2:00PM Water Cooler 5/30/2023

By Lambert Strether of Corrente.

Patient readers, I’m sorry to be a little late. I got wrapped around the axle on NIH’s Long Covid study, and belatedly realized the topic really needed to be in a post. So I had to scramble. –lambert

Bird Song of the Day

European Turtle-Dove, Kelling Heath, Norfolk, England, United Kingdom.

* * *


“So many of the social reactions that strike us as psychological are in fact a rational management of symbolic capital.” –Pierre Bourdieu, Classification Struggles

Biden Administration

“New Details in Debt Limit Deal: Where $136 Billion in Cuts Will Come From” [New York Times]. “According to an administration official, the deal leaves intact funding for two key Covid programs: Project NextGen, which aims to develop the next generation of coronavirus vaccines and treatments, and an initiative to offer free coronavirus shots to the uninsured… The agreement only sets parameters for the next two years of spending. Congress must fill them in by passing a raft of spending bills later this year. Large fights loom in the details of those bills, raising the possibility that lawmakers will not agree to spending plans in time and the government will shut down.” • I’m glad Project NextGen, which seems to be our only way forward for potentially sterilizing nasal vaccines, absent foreign travel, didn’t get axed. But there’s plenty of opportunity still for Pfizer and Modern to have a word with the appropriators….

“Debt ceiling deal’s next steps — getting it through Congress” [CBS]. “The House released the 99-page legislative text Sunday evening…. Both Republicans and Democrats are expected to lose some votes, and leaders on both sides have been telling the rank and file that neither side won everything it wanted, as they strive to ensure that the deal has the support to pass both chambers. The president has urged both the House and Senate “to pass the agreement right away.” Top White House Cabinet officials and aides including chief of staff Jeff Zients, counselor to the president Steve Richetti, Office of Management and Budget Director Shalanda Young and several others have been phoning and briefing lawmakers and fielding technical questions from congressional staff, according to a White House official. They have called over 60 House Democrats and briefed House and Senate Democrats, as well as the Congressional Black Caucus, with more specific briefings to come Tuesday. Under House rules, lawmakers must have 72 hours to read the bill, and since they received it on Sunday, Wednesday would be the earliest day the House can vote. House Majority Whip Tom Emmer indicated Tuesday the House will vote on the bill Wednesday night.” • Commentary:


I guess it’s time for the Countdown Clock!

* * *

The Democrats are going to regret this if they can’t keep Biden juiced up (or if Ukraine goes pear-shaped (or Covid roars back)):

“Ron DeSantis raises $8.2 million in first 24 hours after launching presidential campaign” [CBS]. ” Florida Gov. Ron DeSantis has raised a record $8.2 million in the first 24 hours after announcing his 2024 presidential campaign, as he barrels toward an expensive and combative primary led by former President Donald Trump. The sum includes online donations and money raised by fundraisers at a gathering in Miami to dial for contributions, DeSantis’ campaign confirmed. The breakdown of how much each method raised is unclear. DeSantis’ $8.2 million haul surpasses President Biden’s first day fundraising of $6.3 million on day one of his 2020 campaign launch, and outpaces the $9.5 million Trump raised in the first six months of his 2024 campaign. Only South Carolina Sen. Tim Scott, who had over $22 million in his Senate reelection account when he transferred it to his presidential campaign, began his White House bid with more ‘hard’ dollars — or money raised under federal fundraising limits.” • Interesting on Scott.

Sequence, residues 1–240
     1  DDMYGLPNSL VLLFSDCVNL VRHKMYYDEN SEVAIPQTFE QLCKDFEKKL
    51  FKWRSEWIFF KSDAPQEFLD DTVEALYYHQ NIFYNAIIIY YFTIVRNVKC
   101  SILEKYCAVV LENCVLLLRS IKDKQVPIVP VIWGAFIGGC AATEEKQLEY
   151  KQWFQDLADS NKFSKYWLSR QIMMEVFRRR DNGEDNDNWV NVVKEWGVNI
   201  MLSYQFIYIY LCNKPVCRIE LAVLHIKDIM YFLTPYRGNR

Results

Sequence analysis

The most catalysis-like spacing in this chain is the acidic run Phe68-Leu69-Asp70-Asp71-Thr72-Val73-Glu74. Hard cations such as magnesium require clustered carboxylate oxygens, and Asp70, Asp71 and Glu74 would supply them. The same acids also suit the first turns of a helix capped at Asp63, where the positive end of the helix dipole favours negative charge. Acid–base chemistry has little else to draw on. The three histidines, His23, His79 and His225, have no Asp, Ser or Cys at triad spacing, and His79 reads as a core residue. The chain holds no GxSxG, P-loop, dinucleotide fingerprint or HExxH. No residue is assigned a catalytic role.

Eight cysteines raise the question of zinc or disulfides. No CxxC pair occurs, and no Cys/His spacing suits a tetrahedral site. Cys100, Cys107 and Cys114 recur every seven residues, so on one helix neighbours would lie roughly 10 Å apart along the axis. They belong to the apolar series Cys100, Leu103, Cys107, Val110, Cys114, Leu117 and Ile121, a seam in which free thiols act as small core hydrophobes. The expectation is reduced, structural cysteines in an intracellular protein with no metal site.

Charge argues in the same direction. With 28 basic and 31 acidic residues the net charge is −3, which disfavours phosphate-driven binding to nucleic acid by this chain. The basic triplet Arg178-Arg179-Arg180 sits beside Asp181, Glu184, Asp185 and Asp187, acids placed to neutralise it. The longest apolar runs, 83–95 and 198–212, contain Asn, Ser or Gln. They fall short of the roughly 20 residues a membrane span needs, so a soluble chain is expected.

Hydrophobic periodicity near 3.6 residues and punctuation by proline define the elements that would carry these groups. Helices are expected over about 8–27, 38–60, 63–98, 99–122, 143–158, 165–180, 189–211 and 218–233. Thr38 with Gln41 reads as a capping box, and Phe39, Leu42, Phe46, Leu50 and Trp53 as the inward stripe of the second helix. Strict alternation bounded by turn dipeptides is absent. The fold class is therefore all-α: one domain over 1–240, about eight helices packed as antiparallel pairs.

“Stanford professor Jay Bhattacharya joins Ron DeSantis’ 2024 presidential campaign kickoff” [Stanford Daily News]. “Florida governor Ron DeSantis announced his 2024 presidential campaign bid through Twitter earlier today on May 24, garnering more than 1.3 million views on his 2-hour Twitter Space live. Stanford professor of health policy Jayanta Bhattacharya A.M, A.B ’90, MD ’97, Ph.D. ’00, was featured as a speaker on the live stream alongside figures like Twitter CEO Elon Musk and PayPal founding COO David Sacks. Bhattacharya and DeSantis have worked together in the past on COVID-related issues, with both figures having historically supported the easing of pandemic restrictions. At Stanford, Bhattacharya is the director of the Center on Demography and Economics of Health and Aging and a senior fellow of the Stanford Institute for Economic Policy Research, among other appointments. During the live broadcast, Bhattacharya said it was “an absolute honor” to work with Desantis and praised what he described as DeSantis’ abilities to make decisions on COVID-19-related issues despite criticism. He expressed support for DeSantis’ rolling back certain pandemic-induced restrictions, including school closures, saying, “Governor, you did the right thing when you opened the schools.'” • So, the Overtown Window on Covid has the openly eugenicist GBD on the right, and the stochastic eugenicism of Biden’s policy of mass infection without mitigaton on the left.